iN PHOTOS: Vernon heronry protector worried for at-risk birds after development approval - InfoNews

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iN PHOTOS: Vernon heronry protector worried for at-risk birds after development approval

Great blue herons.
July 10, 2019 - 6:30 AM

VERNON - Surrounded by dozens of ancient rusty cars, standing in the cool shade of the dense vegetation, with poplar and cottonwood trees reaching far into the sky, Rita Bos points to the blue herons perched on their nests high in the tree branches. With only a vague rumbling of traffic in the distance, it's hard to fathom that her beloved heronry is surrounded by housing and shops.

Bos has argued against some of the surrounding development over the years and in 1992 registered a restrictive covenant on a section of her property where the great blue herons nest. Last night, July 8, she lost another battle as Vernon council unanimously approved the rezoning of a site adjacent to her property to allow for a development of up to 41 units.

"I wish it weren't going to happen," Bos said. "I strongly urged that they not do this because of the sensitive area that's right there."

While more than 2,000 people signed an online petition opposing the rezoning and council received almost 150 submissions arguing against the development, Bos isn't surprised the rezoning passed July 8.

When the 78-year-old bought the nearly nine-acre site with her late husband Jan Bos in 1986, the 24 Street property that stretches into an area just north of 50 Ave was still very much a rural area, she says.

Great blue herons nests sit high in the treetops.
Great blue herons nests sit high in the treetops.

Bos' late husband starting Care Towing in the early eighties at a site roughly located at what is now London Drugs. They moved the shop and towing yard to the present site in 1986 and Bos says the "herons followed him."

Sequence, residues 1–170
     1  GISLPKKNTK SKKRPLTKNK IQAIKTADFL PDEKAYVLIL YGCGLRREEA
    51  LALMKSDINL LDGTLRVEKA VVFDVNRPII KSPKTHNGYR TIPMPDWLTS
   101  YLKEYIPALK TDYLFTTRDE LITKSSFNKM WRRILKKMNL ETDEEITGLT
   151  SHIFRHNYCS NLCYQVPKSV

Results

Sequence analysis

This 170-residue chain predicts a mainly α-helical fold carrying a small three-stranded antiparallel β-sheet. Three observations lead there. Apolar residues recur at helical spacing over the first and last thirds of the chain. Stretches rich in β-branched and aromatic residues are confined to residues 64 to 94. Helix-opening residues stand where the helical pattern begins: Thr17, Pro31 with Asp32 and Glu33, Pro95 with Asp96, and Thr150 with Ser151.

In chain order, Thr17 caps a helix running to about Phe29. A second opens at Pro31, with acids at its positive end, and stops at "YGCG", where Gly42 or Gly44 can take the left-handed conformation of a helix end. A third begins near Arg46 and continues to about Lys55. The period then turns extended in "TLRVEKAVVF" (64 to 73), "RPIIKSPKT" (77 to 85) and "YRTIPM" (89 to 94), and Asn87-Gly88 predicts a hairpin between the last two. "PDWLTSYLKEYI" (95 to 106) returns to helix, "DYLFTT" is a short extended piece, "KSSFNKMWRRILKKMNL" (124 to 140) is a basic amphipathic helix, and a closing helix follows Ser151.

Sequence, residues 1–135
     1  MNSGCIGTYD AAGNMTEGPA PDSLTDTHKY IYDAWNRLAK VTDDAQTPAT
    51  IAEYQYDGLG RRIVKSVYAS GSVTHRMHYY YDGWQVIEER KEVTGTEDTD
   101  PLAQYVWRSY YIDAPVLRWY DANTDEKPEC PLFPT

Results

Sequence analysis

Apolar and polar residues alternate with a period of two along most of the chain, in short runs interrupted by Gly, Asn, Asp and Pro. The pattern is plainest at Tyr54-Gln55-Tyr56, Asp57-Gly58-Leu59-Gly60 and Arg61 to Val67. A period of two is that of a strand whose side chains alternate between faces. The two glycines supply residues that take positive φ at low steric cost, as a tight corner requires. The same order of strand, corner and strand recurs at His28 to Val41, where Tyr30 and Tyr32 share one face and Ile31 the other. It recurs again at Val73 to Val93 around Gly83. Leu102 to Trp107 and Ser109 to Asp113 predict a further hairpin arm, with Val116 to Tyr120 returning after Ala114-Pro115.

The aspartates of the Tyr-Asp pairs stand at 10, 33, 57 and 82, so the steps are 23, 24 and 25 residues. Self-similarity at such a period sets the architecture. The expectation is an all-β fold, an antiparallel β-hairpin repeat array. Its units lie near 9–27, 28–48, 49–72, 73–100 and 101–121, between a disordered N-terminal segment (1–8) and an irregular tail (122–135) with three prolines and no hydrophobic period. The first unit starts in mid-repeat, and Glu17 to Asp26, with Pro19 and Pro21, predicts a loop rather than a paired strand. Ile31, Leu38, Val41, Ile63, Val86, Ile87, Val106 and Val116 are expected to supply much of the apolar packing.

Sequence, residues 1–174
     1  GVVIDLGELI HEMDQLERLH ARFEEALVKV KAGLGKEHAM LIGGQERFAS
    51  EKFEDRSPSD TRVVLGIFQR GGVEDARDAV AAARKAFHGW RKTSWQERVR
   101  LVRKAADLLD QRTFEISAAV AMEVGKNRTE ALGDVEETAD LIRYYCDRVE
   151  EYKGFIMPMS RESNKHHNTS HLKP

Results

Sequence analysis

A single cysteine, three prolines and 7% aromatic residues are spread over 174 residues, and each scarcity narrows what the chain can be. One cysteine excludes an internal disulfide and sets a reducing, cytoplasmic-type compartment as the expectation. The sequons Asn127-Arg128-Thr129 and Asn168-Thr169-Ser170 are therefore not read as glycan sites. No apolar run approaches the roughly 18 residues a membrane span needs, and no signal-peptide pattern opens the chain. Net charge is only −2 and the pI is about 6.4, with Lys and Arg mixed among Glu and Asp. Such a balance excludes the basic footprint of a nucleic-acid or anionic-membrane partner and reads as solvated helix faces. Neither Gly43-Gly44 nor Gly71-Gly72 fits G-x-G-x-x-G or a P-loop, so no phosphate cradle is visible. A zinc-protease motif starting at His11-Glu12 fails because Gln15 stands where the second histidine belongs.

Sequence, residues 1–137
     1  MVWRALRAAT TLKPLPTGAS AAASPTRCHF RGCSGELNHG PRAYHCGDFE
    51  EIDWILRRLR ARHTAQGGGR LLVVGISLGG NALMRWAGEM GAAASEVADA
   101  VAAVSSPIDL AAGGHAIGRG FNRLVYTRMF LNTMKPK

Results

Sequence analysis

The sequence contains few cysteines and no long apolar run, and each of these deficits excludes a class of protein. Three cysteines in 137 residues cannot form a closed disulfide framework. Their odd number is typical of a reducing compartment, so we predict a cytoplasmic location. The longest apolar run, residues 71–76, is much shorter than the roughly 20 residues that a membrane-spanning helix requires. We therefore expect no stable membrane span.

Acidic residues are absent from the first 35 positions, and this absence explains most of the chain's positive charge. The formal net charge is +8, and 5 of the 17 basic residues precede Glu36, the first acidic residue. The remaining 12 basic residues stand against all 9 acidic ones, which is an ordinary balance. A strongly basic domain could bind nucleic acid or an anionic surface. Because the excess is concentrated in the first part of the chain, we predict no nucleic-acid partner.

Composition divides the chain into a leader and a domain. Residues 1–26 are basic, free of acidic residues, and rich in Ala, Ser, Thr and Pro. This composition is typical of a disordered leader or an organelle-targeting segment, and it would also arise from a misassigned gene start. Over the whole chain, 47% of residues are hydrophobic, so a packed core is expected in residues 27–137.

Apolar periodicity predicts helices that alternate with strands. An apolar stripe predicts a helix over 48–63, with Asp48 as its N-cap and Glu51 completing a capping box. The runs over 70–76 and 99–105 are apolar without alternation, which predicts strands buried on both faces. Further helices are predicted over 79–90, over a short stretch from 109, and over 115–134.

Now among the wrecks of dozens of old vehicles, the odd motorbike frame and even a small airplane, around 60 pairs of great blue herons come to nest each year. Having on average two to four chicks a year, a couple of hundred great blue herons call this site home each year.

Registered federally as a species at risk and provincially as blue listed, the birds head to Okanagan, Kalamalka and Swan Lakes to feed each day. Bos said the herons, that grow to around four feet tall and can have wingspans of six feet, arrive in February or early March each year and fly south at the end of the summer or early fall.

Bos hopes the development will respect the birds' habitat and hopes the developer Scotland Constructors follows the provincial guidelines correctly.

A heron in flight.
A heron in flight.

"If they must build then I hope they're really thoughtful and it would be nice when they get their plans set up... I'd like to have some input... it would be a nice thoughtful thing for them to do," Bos said.

Provincial legislation does set out guidelines for development near blue heron habitats including a 60-metre buffer and noise restrictions during construction between January and September.

Bos said she hopes whatever is built caters to seniors and not families as the herons don't like to be in close proximity with humans and noise can scare them away. Children by the very nature are noisy, she said.

Bos speaks passionately about the birds and the heronry that's been a huge part of her life for almost 35 years. In 2017 she founded The Vernon Heronry Protection Society in memory of her late husband who died early that year.

Two from the dozens of rusty old cars on the site.
Two from the dozens of rusty old cars on the site.

"I love the things they can teach us when you sit here for hours you see amazing things," she said. "They do have feelings."

Sitting on several acres of what is now prime real estate, just a stone's throw from Walmart and Best Buy, Bos said she's been offered seven-digit figures for the land several times over the years. She said her late husband once told a developer after repeated offers, "what part of no do you not understand... we are here to protect wildlife."

She talks passionately about the birds' behaviour and the family dynamics the nesting herons display. As the birds majestically swoop from treetop to treetop it's not hard to see why Bos is so infatuated with them.

"We don't really matter, it's the birds that matter," she says.

iNFOnews.ca was unable to reach Scotland Constructors for comment.

Rita Bos leans against one of the many old cars from her late husbands towing yard. The great blue herons' nest high-up on the other side of Bos' property.
Rita Bos leans against one of the many old cars from her late husbands towing yard. The great blue herons' nest high-up on the other side of Bos' property.

To contact a reporter for this story, email Ben Bulmer or call (250) 309-5230 or email the editor. You can also submit photos, videos or news tips to the newsroom and be entered to win a monthly prize draw.

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